- Simple to operate
- Highly maneuverable
- Not for kids who can’t easily reposition themselves
- Not for extended seated periods
Because it reclines and children can sleep comfortably in this position, this design is often preferred over a stroller with a stationary base. The recline feature is the most popular positioning option, and although it can be found on many models, most often it’s found on models that offer moderate support for kids who can independently reposition themselves.
- Options to sit up or lay back
- Easy to sleep comfortably
- Good for kids who can reposition themselves
- Does not offer maximum support
Tilt in Space
Some kids spend a lot of time in their strollers or wheelchairs because they don’t have the use of their legs. For those kids, who also might not be able to reposition themselves independently, a tilt-in-space stroller provides extreme support and relieves pressure points to decrease the risk of pressure ulcers developing. They offer the best postural support and can be positioned to facilitate the best respiration and digestion.
- Relieves pressure points
- Decreases risk of pressure sores
- Optimal comfort
- Extreme postural support
- Support respiration and digestion
Some people have more than one stroller to meet all their needs, one for regular outdoor use, one for traveling, one for more rugged exploring, and maybe one for regular indoor use. There are multi-featured strollers that might have all the features you need in one model, so shop around to see if you can find one that meets all your needs.
Strollers with transit tie downs are used to secure the stroller while using public transportation or transporting the stroller in a van. These strollers are not for the child to sit in while on a bus or in a van.
For active families, ensuring their special needs child can join in with outdoor activities - even over rougher outdoor terrain - an all-terrain special needs stroller that’s lightweight and easy to transport fits in well with an active lifestyle.
The weight and ease with which a stroller folds contribute to its portability. Lightweight models that fold and unfold quickly with a low profile that will easily fit into a car trunk make traveling much easier than bulkier models.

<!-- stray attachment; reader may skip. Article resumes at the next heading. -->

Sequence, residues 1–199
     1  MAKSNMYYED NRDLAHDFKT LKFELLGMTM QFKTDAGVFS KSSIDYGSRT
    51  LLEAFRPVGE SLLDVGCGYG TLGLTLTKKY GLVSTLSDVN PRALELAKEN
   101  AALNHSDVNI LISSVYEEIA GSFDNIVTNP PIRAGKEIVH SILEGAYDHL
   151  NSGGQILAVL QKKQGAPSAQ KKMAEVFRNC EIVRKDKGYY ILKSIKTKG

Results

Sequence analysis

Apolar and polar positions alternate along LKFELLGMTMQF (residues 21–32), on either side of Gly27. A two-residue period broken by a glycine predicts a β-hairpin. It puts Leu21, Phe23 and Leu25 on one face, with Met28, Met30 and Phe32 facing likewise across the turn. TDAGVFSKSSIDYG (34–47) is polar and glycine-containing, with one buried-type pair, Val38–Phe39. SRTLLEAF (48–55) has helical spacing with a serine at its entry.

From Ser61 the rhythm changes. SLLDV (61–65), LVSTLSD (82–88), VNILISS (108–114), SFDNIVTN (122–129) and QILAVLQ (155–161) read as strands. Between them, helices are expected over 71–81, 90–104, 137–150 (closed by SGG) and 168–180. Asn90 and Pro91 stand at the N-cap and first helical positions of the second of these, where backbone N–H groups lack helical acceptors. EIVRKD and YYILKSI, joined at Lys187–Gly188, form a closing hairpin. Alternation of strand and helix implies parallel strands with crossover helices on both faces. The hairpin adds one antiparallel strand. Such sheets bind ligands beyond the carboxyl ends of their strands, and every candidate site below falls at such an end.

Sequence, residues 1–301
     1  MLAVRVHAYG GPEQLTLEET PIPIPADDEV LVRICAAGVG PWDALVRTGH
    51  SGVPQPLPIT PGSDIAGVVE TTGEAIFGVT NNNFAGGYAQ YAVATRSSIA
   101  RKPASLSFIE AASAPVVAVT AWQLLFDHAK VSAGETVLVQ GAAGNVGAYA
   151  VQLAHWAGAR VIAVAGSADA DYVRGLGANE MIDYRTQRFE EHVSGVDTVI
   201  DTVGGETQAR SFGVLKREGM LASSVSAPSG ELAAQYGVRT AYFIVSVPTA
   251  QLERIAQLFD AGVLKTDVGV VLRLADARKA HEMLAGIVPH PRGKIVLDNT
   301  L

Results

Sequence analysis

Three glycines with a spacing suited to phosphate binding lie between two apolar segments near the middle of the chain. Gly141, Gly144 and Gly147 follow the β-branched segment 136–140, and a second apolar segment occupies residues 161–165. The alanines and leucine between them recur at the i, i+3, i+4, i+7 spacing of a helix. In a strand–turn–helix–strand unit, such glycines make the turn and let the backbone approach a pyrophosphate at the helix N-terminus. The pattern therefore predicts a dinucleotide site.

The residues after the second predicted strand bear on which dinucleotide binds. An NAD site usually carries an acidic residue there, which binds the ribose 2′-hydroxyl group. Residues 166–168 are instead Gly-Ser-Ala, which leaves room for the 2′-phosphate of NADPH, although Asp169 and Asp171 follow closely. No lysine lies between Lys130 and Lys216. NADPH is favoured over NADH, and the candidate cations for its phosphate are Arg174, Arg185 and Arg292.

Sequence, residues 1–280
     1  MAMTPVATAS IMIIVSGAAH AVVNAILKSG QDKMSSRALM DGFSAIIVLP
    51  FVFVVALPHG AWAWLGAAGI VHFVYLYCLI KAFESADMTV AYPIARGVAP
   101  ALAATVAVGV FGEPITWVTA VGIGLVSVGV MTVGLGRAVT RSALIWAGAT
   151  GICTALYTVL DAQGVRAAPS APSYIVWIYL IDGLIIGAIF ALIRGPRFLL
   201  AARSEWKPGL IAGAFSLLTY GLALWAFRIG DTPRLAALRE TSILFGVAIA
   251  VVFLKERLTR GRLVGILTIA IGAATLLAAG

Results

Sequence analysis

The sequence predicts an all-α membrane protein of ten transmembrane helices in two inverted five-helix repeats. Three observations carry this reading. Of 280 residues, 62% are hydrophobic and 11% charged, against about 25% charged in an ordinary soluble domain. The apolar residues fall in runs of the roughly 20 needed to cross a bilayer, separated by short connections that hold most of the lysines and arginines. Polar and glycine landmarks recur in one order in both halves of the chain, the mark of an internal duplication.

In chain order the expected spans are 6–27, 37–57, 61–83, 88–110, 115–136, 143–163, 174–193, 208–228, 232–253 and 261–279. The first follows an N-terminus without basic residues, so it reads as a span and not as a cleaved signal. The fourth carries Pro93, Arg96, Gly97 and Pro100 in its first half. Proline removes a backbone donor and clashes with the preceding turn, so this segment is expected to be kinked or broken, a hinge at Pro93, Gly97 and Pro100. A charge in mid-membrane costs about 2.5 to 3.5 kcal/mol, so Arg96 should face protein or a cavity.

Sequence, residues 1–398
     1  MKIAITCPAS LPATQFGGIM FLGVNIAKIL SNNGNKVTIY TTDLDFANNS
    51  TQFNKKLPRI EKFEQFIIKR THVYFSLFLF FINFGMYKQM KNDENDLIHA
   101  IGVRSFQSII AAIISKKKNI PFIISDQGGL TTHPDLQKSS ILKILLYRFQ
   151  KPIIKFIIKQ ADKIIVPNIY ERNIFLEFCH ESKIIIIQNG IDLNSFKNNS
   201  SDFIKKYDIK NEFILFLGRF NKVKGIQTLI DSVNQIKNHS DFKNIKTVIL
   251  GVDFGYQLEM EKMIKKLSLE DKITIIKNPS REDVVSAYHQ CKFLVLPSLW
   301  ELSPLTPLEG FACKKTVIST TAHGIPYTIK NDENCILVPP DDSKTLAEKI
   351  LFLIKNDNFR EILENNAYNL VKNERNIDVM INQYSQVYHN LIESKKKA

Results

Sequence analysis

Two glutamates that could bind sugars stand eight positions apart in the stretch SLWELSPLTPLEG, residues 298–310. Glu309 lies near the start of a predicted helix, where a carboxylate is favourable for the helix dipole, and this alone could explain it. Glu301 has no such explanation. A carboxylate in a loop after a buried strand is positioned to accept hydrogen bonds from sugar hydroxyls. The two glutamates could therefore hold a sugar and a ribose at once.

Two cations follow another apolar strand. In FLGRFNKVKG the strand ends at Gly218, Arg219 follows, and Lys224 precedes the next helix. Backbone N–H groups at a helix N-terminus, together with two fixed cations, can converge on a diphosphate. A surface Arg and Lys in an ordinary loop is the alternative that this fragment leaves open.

4. Other Features to Consider Before Purchasing
3 Wheeled vs 4 Wheeled Strollers
A 3-wheeled stroller is typically used for children with moderate disabilities. Highly maneuverable, this type of stroller often comes in the form of a jogging stroller, which is favored by active parents and caregivers. Four-wheeled special needs strollers have a more stable base and can accommodate children with more profound disabilities. They are also usually better outfitted to accommodate medical equipment you might have to bring along for the ride.
Smaller wheels are appropriate for indoor use, while larger wheels make it easier to maneuver over uneven ground outside. Many models have smaller front casters that aid in steering, while larger rear wheels provide stability and a smooth ride.
Seat and Back Height
Since children who need special needs strollers often have hip issues, decreased upper body strength, and spastic movements and could be at risk for developing pressure sores, the seat back and height are very important. Having enough seat depth helps prevent pressure sores for those who can’t shift positions on their own, while the proper back height can provide appropriate head support.
Standard sizes for special needs strollers range from weight capacities of 75 up to 250 pounds. Appropriate sizing will affect the comfort and safety of the user.
A stroller with a single push bar allows for varied positioning of the caregiver’s hands, and it’s easier to push one-handed than a stroller with two handles.
For children who do not gain the ability to walk as they grow, a special needs stroller that adjusts to “grow” with them without having to be replaced after every growth spurt is more convenient and easier on the budget than a one-size-only model.
180-Degree Turntable Seat
A swivel seat allows caregivers to switch the stroller from forward facing to rear facing mid-ride. Facing forward, the rider can enjoy looking forward to what’s ahead. In the rear-facing mode the caregiver and rider can maintain eye contact, with the caregiver better able to monitor and assist the rider.